“Working out too hard will make you bulky” and “you need to put in hours of cardio per week to be skinny” are a couple of the biggest fitness myths out there, and Ginnifer Goodwin‘s trainer, Andie Hecker, managed to perpetuate those and more in the November issue of Allure. The magazine features tips from trainers made famous by creating “hot celebrity bodies” so that you, too can achieve “tight abs, lean thighs, [and] a jiggle-free butt,” according to the cover. And while some give great advice (thank you, Gunnar Peterson, for keeping it real), I have a major bone to pick with Hecker’s advice—to do a ton of cardio, avoid exercises that “bulk up your lower body,” and do ballet for a “leaner look.” These are just tired fitness myths that perpetuate constant frustration with weight and poor body image.
Hecker is a former dancer and founder of Ballet Bodies, and has worked with Goodwin, Natalie Portman and Kristen Bell. She tells Allure that she derives her workout philosophy from the book, Outliers, which is problem number one:
I follow the Malcom Gladwell ’10,000-hour rule’: It takes a lot of repetition to master a skill. The more you practice a specific exercise, the better you get, so you see more results.
Gladwell’s book uses the example of music, ice hockey, and computer programming, all of which make sense: With roughly 10,000 hours of practice, people seem to master whatever skill they’re practicing. This may also extend to dancers, whose performances depend on their mastery of very specific movements. But for most of us, who are looking to build muscle and lose fat to sculpt our physiques, this DOESN’T MAKE ANY SENSE. Excuse the all caps, but really: This is the opposite of good advice. Practicing the same movement repeatedly won’t get you the kind of results you want; it will make you plateau. This is why trainers recommend switching up workouts every few weeks, or even every few days; our muscles adapt to movements so that they become easier, requiring less energy. That’s not what you want if you’re trying to get an efficient workout.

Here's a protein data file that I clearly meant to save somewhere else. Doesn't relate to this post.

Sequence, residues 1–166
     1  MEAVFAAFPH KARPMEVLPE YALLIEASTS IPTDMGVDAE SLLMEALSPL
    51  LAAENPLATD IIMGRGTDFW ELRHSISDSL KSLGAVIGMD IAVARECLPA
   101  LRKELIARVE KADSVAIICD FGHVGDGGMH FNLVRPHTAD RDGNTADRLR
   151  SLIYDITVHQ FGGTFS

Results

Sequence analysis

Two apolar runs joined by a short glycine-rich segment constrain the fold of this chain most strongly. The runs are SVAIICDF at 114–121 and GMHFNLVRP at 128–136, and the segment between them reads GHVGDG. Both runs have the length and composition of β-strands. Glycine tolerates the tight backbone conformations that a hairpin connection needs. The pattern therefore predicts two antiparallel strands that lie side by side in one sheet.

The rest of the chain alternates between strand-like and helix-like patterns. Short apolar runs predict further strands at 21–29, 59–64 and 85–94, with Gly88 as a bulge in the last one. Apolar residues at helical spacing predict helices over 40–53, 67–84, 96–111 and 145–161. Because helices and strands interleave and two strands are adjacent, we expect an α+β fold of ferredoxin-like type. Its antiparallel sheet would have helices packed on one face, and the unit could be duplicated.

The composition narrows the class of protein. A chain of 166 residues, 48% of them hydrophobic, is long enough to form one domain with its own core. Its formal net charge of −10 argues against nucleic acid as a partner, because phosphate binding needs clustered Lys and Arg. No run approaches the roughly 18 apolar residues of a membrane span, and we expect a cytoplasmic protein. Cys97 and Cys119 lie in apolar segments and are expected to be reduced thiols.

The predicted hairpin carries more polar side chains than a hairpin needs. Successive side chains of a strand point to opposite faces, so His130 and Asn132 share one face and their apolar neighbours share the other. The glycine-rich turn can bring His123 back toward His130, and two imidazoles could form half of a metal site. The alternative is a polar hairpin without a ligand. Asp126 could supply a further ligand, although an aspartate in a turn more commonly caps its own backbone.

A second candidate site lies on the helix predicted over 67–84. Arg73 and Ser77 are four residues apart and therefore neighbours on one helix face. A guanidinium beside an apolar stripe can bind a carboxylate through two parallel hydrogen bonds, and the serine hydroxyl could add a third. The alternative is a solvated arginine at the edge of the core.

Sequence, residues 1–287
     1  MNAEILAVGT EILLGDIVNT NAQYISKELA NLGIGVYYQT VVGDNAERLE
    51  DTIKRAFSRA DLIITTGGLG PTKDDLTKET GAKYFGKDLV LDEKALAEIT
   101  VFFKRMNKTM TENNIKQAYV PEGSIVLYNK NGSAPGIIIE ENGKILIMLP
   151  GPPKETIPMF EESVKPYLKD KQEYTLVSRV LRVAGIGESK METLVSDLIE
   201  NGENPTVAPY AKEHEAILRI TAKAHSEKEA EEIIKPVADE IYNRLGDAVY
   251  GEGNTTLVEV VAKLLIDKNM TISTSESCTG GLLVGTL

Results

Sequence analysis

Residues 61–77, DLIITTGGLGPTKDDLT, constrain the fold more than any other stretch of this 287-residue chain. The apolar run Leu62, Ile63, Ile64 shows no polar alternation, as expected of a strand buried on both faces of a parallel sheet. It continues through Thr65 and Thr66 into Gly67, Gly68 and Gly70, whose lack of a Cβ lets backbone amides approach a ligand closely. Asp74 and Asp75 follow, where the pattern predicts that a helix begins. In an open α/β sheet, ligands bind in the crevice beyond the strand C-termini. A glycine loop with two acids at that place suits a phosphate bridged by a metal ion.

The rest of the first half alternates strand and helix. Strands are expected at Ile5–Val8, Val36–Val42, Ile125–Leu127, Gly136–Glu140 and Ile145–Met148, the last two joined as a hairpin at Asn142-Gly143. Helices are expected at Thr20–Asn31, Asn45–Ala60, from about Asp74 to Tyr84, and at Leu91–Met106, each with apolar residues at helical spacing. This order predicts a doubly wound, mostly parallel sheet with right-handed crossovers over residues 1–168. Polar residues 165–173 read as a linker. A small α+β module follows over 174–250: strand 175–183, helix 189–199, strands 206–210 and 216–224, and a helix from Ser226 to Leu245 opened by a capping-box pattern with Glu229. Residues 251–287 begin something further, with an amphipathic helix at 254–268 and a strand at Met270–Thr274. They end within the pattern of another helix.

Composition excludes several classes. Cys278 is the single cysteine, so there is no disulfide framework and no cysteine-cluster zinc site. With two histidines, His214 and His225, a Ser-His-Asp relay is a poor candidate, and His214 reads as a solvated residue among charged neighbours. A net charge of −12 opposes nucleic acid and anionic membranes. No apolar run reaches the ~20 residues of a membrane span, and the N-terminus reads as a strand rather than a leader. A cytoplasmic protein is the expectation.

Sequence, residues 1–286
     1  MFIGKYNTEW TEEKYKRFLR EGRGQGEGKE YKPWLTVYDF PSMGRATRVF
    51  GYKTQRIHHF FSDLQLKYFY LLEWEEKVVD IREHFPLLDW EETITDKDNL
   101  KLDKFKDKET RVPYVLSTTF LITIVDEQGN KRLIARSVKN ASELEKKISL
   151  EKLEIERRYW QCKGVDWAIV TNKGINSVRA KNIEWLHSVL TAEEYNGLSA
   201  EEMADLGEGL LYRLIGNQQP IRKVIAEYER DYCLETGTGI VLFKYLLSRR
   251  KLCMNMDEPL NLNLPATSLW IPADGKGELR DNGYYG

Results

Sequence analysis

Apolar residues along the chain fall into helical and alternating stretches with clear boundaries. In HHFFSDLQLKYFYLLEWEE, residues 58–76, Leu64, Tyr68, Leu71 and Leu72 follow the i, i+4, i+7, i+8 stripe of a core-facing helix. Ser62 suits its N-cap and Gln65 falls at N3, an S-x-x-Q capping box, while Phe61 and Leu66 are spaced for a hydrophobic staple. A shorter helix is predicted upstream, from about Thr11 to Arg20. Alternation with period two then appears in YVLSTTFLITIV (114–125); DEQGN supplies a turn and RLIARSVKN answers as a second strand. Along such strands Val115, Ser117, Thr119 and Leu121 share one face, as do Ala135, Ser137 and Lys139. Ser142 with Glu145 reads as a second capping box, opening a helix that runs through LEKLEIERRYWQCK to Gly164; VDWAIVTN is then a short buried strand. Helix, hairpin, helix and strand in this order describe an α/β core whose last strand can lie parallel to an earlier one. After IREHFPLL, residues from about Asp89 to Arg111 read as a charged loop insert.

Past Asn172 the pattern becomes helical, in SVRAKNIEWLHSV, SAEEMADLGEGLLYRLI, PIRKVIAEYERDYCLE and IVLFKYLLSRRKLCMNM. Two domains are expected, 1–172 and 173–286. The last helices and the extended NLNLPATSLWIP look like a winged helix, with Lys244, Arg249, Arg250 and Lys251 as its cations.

Hecker’s “best tips” are rife with error, too:
1. “Do cardio for at least 40 minutes. Yes, a 15-minute burst is better than nothing, but it takes 35 minutes to burn off blood sugar before your body can start metabolizing fat.”
No! High-intensity exercise burns fat much more efficiently than a long, slow slog. That “interval training” thing that you’ve been hearing about for years? It’s real. And it means that you will get a lot more out of alternating between sprints and jogging for 30 minutes than running at a medium pace for hours.
2. “Don’t go overboard on exercises that bulk up your lower body, like running, hiking on an incline, or the elliptical on a high-resistance setting. If you overtrain your quads and glutes, you can actually make them larger.”
How many times do we have to tell you that it’s really, really hard for most women to get “too buff”? So-called “bulky muscles” are hard for most women to achieve, and it doesn’t happen on an elliptical. And getting lean requires burning fat, which requires muscle mass, which means high-intensity running or working out on cardio machines with high resistance is much more effective than a slow, easy job on flat terrain.
3. “You burn more calories when you work your upper and lower body at the same time. Jumping on a mini trampoline while doing different ballet arms, using a weighted jump rope, or swimming for 20 minutes are all good options. Or take a ballet class. Dancers stretch and elongate their muscles while being active, which gives a leaner look.